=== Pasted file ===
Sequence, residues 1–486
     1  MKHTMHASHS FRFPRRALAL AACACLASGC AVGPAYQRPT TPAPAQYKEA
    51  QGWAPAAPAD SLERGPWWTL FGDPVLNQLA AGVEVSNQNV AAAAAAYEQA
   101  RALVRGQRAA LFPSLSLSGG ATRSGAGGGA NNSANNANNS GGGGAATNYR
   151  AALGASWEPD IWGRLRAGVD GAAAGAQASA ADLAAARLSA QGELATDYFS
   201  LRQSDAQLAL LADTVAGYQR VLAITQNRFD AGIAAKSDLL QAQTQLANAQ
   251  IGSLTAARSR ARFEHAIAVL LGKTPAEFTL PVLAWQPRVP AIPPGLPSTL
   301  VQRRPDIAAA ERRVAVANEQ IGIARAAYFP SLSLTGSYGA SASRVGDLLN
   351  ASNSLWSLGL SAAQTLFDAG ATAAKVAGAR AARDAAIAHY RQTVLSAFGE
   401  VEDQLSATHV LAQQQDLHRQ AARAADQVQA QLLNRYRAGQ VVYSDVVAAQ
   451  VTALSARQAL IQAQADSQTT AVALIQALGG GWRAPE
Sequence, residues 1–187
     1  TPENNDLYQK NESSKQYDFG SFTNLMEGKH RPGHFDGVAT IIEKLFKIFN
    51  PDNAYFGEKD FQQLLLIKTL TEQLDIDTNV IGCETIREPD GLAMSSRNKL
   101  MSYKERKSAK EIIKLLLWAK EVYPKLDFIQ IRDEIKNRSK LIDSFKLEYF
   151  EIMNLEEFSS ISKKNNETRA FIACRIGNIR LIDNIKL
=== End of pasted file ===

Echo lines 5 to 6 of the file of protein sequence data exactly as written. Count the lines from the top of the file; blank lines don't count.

   151  AALGASWEPD IWGRLRAGVD GAAAGAQASA ADLAAARLSA QGELATDYFS
   201  LRQSDAQLAL LADTVAGYQR VLAITQNRFD AGIAAKSDLL QAQTQLANAQ